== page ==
What Older Adults Can Do to Manage Medications

There are several steps you can take to lower your chances of overmedication and negative reactions to medicines. Keep the following tips in mind for safe medication use. Always ask your healthcare provider or pharmacist if you have any questions about your medications.

Make a list

Keep a list of all of the medications you take—both non-prescription and prescription. This list should include any and all medications or other supplements you are taking, including prescriptions, over-the-counter medications, herbal remedies, and vitamins.  You should also write down the doses, and remember to bring the list with you whenever you see a healthcare professional.

Review your medications regularly

Whenever you see your healthcare provider, make sure to go over your medication list with them, especially after you’ve been hospitalized or treated by another provider. This way, they will know what medications and supplements you are taking. They can also check whether the medications might be causing side effects, or could cause side effects, if taken along with a new medication.

Read all prescription and warning labels carefully. You will find the following information:

  • instructions on how to take the medication
  • what it should or should not be taken with
  • the potential for medication interactions

Look out for Side Effects

Ask what side effects your medications can cause, and watch for them. If you think you may be having a bad reaction to a medication, or if you think a medication is not working, tell your healthcare provider as soon as possible. However, don’t stop taking a medication without first checking with a healthcare professional.

Ask about Over-the-Counter Medications

Over-the-counter medications (OTC) are sold at pharmacies, grocery stores, or discount stores. You can buy these medicines on your own without a doctor’s prescription or direction. However, just because you can buy these medications without a prescription, it doesn’t mean that they have fewer side effects than a prescription medication. Some OTC medications can make your condition worse or they may cause an unwanted reaction with another medicine you may be taking.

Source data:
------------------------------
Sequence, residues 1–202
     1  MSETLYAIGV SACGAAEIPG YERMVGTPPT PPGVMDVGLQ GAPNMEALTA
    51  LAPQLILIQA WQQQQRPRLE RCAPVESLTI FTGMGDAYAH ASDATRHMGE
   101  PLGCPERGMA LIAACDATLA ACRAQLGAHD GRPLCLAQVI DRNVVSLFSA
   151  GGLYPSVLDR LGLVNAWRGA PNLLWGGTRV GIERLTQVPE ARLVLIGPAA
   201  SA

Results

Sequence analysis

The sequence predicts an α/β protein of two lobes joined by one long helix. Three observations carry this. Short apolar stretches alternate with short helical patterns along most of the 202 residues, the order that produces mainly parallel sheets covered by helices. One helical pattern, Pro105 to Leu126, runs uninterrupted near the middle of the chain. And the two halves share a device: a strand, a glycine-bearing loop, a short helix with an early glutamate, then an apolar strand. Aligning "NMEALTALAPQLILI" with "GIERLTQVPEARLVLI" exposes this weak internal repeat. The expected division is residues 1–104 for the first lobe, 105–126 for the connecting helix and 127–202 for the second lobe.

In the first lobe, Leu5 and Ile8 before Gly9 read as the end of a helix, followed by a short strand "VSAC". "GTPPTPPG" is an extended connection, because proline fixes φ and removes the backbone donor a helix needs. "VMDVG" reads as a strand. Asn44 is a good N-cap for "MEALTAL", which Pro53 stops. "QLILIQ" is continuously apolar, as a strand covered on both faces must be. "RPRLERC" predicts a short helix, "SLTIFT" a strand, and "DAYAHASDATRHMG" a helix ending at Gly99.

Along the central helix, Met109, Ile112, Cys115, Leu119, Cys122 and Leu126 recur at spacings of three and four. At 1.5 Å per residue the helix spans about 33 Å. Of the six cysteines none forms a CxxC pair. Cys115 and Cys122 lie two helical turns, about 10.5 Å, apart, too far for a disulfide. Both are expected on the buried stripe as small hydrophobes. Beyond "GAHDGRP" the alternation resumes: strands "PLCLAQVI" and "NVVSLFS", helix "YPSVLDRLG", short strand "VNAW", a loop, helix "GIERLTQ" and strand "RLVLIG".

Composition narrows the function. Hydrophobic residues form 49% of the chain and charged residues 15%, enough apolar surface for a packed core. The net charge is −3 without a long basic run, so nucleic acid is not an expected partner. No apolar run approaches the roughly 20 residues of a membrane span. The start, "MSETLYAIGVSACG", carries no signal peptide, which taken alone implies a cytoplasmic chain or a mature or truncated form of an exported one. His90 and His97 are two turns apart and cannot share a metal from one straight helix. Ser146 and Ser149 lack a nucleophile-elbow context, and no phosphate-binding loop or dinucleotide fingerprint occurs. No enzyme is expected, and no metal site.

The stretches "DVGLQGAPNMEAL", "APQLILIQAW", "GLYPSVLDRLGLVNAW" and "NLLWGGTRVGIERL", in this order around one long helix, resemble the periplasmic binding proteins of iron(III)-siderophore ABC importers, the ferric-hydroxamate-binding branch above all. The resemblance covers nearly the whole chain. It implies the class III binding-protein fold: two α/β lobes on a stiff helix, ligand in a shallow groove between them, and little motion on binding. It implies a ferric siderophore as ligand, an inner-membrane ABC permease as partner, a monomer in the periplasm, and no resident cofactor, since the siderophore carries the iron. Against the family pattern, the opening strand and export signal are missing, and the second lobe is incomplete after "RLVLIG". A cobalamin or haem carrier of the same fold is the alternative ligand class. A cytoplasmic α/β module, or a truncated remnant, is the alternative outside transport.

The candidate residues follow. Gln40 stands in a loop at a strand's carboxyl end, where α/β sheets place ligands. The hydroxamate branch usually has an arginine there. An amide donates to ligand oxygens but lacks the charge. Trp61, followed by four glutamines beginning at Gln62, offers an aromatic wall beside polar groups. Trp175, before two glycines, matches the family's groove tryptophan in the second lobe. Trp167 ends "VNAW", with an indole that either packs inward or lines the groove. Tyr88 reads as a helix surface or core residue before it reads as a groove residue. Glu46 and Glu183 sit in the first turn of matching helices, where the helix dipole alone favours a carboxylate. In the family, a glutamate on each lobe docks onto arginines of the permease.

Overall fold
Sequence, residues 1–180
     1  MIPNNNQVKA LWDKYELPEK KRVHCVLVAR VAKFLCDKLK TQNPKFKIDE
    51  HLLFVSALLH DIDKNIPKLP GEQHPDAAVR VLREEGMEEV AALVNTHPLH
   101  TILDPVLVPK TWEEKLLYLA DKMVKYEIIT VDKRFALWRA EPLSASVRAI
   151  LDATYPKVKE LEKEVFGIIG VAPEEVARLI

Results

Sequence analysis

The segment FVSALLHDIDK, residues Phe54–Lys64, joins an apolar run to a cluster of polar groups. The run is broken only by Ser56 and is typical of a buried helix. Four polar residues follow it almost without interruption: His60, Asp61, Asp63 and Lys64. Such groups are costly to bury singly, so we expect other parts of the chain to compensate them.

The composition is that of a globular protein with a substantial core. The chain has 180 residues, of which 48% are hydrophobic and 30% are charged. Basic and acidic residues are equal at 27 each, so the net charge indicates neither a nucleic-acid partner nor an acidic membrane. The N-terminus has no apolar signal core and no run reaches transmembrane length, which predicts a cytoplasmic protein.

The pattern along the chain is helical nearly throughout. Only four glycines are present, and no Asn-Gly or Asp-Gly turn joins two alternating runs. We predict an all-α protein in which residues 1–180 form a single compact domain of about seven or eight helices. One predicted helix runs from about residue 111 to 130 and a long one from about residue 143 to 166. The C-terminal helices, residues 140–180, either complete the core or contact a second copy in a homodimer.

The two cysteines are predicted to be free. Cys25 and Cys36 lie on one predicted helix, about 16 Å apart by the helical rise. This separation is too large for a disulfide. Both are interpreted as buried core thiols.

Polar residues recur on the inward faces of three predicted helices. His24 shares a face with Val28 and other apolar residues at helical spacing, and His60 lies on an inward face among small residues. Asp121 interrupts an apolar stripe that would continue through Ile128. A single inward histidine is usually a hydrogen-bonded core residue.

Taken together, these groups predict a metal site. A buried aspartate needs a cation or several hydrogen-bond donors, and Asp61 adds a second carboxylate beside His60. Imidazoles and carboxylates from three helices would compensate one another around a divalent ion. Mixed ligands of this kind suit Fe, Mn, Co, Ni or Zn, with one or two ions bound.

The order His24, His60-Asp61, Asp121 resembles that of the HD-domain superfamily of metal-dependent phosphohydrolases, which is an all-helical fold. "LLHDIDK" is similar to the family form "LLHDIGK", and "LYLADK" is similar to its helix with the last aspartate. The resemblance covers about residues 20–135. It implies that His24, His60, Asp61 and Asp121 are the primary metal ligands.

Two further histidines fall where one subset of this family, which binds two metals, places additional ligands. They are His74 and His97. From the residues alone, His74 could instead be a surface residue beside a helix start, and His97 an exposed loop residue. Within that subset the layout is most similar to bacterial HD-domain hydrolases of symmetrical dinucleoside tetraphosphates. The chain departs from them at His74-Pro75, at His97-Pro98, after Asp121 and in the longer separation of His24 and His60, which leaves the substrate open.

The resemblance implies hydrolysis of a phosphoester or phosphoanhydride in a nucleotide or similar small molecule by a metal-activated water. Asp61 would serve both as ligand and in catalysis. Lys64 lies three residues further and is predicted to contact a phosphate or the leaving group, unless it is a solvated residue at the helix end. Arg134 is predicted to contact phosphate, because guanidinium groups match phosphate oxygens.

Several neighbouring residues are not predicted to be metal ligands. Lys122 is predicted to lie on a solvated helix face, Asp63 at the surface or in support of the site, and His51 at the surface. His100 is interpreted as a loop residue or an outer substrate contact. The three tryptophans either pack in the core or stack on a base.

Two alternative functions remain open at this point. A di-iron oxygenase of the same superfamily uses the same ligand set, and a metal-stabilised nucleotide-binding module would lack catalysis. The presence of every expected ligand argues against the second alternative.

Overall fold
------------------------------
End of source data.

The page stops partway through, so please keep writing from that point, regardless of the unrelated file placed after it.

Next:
Examples of OTC medications include:

  • Advil (ibuprofen), an anti-inflammatory pain medicine
  • Benadryl (diphenhydramine), an antihistamine for allergies
  • Tums (calcium carbonate), which reduces stomach acid

Make sure to ask your healthcare provider what the correct dosage of any OTC medication should be for you, and be careful not to take more than recommended.

Review Medications If You’re Hospitalized

If you are admitted to the hospital, make sure the hospital team knows about all the prescription and OTC medications you’re taking.  While in the hospital, the hospital team will be responsible for giving you the medicines you need. Do not take any medications on your own during your hospital stay.

Sometimes, you may be prescribed new medications during your hospitalization. Ask if you need to continue taking them after you have been discharged from the hospital.

Look Out For Inappropriate Medications

Experts from the American Geriatrics Society (AGS) suggest that there are certain medications that may be inappropriate for older adults to take. Therefore, in many cases, older adults should avoid them or use them with caution. Whenever you or an older adult in your care is prescribed a new medication, ask why it’s being prescribed and if it is an appropriate medication for you and your condition.

See the AGS Beers Criteria for Potentially Inappropriate Medication Use in Older Adults section for more information. The Criteria identify medications that may have greater risks than benefits for people age 65 and older.

If a medication you are taking is listed in the AGS Beers Criteria, talk to your healthcare provider.  Ask if there might be a safer or more effective alternative. Keep in mind that if a medication you take is on the AGS Beers Criteria, it still may be a reasonable choice for you. The way you respond to a medication or medications can differ from the way other people respond to it. Medications included in the AGS Beers Criteria are “potentially inappropriate,” but can be reasonable choices for some older adults.

Take Your Medication Properly

As many as 50% of older adults may not follow their healthcare provider’s recommendations about how to take their medication properly.

For older adults, difficulties taking medications include:

  • Difficulty reading and understanding directions on labels. The print may be too small and directions may be unclear.
  • Trouble opening medicine containers, pouring medications, or even filling a glass of water.
  • Healthcare providers not providing enough information about the importance of taking medications properly. It is especially important for medications used to treat conditions with no obvious symptoms, such as high blood pressure or diabetes. Older adults may also need reassurance about the safety and possible side effects of certain medicines. This is especially the case for newly prescribed medications or those associated with serious side effects, such as anticoagulants.

Some older adults may worry about telling their healthcare provider that they are not taking medications properly or following directions. There are many possible reasons for this. Some older adults may be unable to afford their medications. Others may not understand or remember how often to take their medications or how much to take.

If you have trouble taking your medication, or care for an older adult who has difficulties, discuss it with your healthcare provider. Your healthcare provider is likely to have easy-to-follow solutions for many of these medication challenges.

 

Last Updated January 2019